Now, as a kind of follow up to that question, we might ask the same thing of these kind of lengthy bargaining sessions between Moses and Pharaoh. If you look carefully at the Exodus story, there are these long, sort of haggling sessions; you know, Moshe says “ I want the Jews to go” and Pharaoh says “well,who do you want to go? Maybe you could just take the men.” So Moses say “No. we have to take everybody”. So Pharaoh says “ well you take everybody, but why don’t you leave the kids behind?” “No! We’ve got to take everybody to.” So Pharaoh gets angry and then there is another plague and it get seven more ridiculous, at the very end, Pharaoh says “fine, you can all go! But just leave your cattles behind.” Moses says “ No. You know we have to take our cattles. Not only that, you have to give us cattles. We have no idea what we’re going to serve God with until we go out. Who knows, maybe he’ll ask for sacrifices hippopotamus, giraffe, we’ve got to take everyone. We’re not going to leave a huff behind!” A mean, this is the language that Moses uses when arguing with Pharaoh and it just sort of almost seems like a farce. A mean again, if you were God and you had all of this power, you don’t need any of these bargaining sessions. You don’t even need Pharaoh’s agreement at all. The three days, and the bargaining session together, really seems to suggest that the Jews, for some reason, aren’t going anywhere unless Pharaoh says they can go.
If that’s true, why does God hardened Pharaoh’s heart? You might be familiar or not with the Exodus story to know that, even though at the beginning of the story, Pharaoh changes his mind all the time his mind all the time; whenever it is that he has agreed to let the Jews go to after one plague and another plague he changes his mind, but towards the end of the story, God actually gets involved and hardened Pharaoh’s heart, seems to divinely mess with Pharaoh’s free will and changes Pharaoh's mind. Now, why would he do that? When I say “why does he do that?’ I don’t mean , you know, from a moral standpoint why would he do that. That’s a very interesting question. But that’s not the question I am asking now. The question I am really asking is a tactical question. If you are God, and we care about Pharaoh’s will, when Pharaoh finally says yes, you know, Pharaoh’s consent is important, so don’t go changing his mind. I mean you’ve got to know what you want. So what are we going to conclude? That maybe we don’t care about Pharaoh’s consent. Well if we don’t care about Pharaoh’s consent, then don’t bother trying to get his consent in the first place. This is a very important question. Either it’s this or it’s this. Do you care about his consent or don’t you care about his consent? The truth is whole issue of Pharaoh’s free will and kind of unravelling the role of Pharaoh’s will and consent within our story is a tough one; one which we will come back to.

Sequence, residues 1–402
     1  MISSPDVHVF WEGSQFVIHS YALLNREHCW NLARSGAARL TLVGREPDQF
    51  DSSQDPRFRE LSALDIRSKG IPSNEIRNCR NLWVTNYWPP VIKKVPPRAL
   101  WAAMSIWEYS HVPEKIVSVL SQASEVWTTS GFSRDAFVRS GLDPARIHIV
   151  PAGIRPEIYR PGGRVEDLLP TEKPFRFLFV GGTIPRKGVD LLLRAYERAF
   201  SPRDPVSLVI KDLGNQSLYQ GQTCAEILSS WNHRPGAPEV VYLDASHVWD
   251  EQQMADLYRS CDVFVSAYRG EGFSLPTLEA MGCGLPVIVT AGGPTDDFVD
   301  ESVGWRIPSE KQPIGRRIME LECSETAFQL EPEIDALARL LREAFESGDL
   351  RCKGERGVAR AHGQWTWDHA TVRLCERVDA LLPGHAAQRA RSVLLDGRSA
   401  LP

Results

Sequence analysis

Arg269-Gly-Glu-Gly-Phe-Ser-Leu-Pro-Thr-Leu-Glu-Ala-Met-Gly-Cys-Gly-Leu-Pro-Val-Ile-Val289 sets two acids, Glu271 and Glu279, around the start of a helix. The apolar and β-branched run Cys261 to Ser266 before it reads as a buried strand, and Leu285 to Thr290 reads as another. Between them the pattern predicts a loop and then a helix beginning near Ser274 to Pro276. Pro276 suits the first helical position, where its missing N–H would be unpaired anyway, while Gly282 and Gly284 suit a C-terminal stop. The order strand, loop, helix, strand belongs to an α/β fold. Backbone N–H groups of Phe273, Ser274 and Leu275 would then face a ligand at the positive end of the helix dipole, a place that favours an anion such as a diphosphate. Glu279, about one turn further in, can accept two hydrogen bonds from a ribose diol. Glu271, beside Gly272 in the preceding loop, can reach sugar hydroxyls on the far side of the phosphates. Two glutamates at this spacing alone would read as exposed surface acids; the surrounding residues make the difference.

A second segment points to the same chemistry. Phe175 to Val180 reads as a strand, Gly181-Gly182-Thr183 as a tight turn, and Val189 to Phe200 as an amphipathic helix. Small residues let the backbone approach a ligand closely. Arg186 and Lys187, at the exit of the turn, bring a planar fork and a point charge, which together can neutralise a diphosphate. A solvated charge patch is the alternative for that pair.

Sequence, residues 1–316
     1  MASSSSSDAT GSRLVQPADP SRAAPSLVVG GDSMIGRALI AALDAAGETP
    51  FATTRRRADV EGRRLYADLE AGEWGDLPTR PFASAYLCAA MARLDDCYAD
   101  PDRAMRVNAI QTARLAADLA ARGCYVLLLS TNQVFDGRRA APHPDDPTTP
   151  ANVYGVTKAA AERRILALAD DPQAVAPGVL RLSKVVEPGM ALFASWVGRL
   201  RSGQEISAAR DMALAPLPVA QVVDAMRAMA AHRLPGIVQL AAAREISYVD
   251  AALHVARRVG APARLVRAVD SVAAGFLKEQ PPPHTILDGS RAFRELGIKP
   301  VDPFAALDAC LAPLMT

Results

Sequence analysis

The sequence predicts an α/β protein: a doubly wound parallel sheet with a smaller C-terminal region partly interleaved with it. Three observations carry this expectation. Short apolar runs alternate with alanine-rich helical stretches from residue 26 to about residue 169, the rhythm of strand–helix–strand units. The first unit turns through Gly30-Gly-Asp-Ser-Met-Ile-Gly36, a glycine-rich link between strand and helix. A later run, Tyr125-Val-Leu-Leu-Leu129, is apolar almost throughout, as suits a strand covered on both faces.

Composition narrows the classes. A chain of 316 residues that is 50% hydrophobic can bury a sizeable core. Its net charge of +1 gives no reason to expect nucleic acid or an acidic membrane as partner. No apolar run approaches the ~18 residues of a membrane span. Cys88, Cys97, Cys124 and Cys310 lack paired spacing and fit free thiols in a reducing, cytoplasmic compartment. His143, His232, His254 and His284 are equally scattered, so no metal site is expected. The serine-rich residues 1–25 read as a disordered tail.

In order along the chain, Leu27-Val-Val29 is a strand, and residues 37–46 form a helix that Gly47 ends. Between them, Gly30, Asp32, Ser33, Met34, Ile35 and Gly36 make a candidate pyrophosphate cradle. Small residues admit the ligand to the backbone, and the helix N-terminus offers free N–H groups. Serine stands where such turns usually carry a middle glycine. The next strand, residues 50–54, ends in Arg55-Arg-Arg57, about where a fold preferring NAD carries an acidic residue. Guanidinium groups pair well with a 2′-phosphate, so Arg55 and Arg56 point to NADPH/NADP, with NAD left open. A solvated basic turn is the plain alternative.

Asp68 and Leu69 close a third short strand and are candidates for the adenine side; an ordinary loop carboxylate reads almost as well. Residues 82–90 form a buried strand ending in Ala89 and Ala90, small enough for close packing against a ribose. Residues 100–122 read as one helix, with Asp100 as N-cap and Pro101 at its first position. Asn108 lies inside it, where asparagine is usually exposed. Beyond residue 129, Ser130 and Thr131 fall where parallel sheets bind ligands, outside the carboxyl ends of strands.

Let’s look at the text. Here we have one of the verses that discusses God sort of changing Pharaoh’s mind. Now look at the language. Vayare paroh ki-chadal hamatar v’habarad v’hakolot, this is after the plague of hail, Pharaoh saw that the hail was off there was no more hail, vayosef lachato, he continued to sin, vayachbed libo hu vaavadav. Now look at this language over here vayachebed libo hu vaavadav, it literally means “ and he hardened his heart, he and his servants”. But if you pay attention to that word, the shoresh over here is chebed, he hardened his heart; what’ strange about it is that it’s not the only word that is used to describe this process of the changing of Pharaoh’s mind. So for example, take a look at this verse over here, vaychazek Hashem et-lev paroh. Oh, that’s interesting. That’s a different word. Chazak. God sort of strengthened his heart. Here over here in English, you have it mistranslated as hardened in both cases but you can see very clearly it’s different right. You can seen in one case I have vayachbed, chebed; chaf, bet, dalet, and over here I have the vaychazek, chazak, which actually mean two different things. So these are actually mistranslations; there should be two different translations. So the question is, what’s the best translation of these words? Chazak actually literally means to strengthen and vayachbed probably does mean to harden. So the question is what is the difference between these things and are there two different processes going on?